Coal-fired power misses target

Coal-fired power misses target

The doubling of coal-fired power generation by 2022 proved an elusive target and its contribution to electricity price containment correspondingly negligible. Things are expected to improve this year, as the commercial operation of the new Ptolemaida V lignite unit is expected to add 660 megawatts of power to PPC’s brown coal potential.

The trial operation of the unit, which started in early December, after a week-long break due to the holidays, is expected to resume in the next few days and be completed so that it can be handed over to PPC for commercial operation at the end of January and beginning of February.

The inauguration of the unit – which was planned in 2007, with construction beginning in 2015 – will be carried out, according to information, by Prime Minister Kyriakos Mitsotakis, who is also expected to announce the extension of its operation until 2028, instead of 2025 as foreseen in the PPC de-lignitization timetable.

The Independent Power Transmission Operator (ADMIE), in its 2025-2035 system adequacy study, also deems its operation necessary until 2028 with lignite and from 2031 with natural gas.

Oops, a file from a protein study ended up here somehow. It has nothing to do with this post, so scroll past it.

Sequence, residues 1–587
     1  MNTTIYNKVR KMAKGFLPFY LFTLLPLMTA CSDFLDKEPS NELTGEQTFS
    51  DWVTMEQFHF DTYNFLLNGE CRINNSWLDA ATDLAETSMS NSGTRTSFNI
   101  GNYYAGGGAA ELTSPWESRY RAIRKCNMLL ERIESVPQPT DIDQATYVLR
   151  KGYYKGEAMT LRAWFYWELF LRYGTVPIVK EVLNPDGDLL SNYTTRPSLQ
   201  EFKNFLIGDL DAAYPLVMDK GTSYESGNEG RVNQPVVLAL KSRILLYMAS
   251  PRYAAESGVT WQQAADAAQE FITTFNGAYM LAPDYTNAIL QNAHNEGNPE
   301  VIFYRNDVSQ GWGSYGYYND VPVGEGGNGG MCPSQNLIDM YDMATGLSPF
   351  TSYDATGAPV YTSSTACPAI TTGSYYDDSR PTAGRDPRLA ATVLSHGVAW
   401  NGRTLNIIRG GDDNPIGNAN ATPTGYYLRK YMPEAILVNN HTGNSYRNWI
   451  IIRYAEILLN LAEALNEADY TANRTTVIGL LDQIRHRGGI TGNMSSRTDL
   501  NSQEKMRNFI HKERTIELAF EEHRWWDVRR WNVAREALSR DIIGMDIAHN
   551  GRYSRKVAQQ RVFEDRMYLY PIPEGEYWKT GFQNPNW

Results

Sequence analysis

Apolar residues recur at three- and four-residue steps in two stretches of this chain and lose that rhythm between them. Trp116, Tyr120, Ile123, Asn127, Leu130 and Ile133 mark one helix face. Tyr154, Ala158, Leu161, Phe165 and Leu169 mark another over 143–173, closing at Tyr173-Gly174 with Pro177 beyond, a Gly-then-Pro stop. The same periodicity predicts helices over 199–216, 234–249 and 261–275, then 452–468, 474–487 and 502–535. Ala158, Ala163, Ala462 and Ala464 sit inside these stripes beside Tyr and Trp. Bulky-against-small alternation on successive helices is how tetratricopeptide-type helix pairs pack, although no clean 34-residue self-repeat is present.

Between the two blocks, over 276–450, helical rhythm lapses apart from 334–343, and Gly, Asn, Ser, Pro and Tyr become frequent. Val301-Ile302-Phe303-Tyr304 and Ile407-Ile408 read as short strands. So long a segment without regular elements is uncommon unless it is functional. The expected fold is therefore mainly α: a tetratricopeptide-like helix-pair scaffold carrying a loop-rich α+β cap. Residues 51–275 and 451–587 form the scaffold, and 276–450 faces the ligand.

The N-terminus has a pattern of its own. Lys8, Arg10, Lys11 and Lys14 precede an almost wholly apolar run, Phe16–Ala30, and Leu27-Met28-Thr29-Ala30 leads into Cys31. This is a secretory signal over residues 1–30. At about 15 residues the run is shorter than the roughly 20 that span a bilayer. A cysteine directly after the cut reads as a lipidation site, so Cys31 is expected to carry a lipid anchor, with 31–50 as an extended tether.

Official figures from ADMIE for the first 11 months of 2022 show that lignite production increased, though only by 2.2% compared to the same period of 2021. In January-November 2022 PPC units produced a total of 4,979.04 gigawatt-hours against 4,869 GWh in the corresponding period in 2021. The government goal that was announced for the first time in April by Mitsotakis and to which PPC was subsequently committed, was to double it on a yearly basis, specifically to 10 GWh from 5 GWh in 2021.

The viability of Ptolemaida V was strongly questioned in the pre-crisis period and PPC had planned its operation from 2025 with natural gas. But the energy crisis changed everything regarding the costs of natural gas and lignite, and transformed this ugly duckling into a swan.

During the trial operation, however, the first symptoms of insufficient production in the mining sector became visible. The unit malfunctioned, shut down and had to be restarted with diesel fuel because of the poor quality of the lignite.

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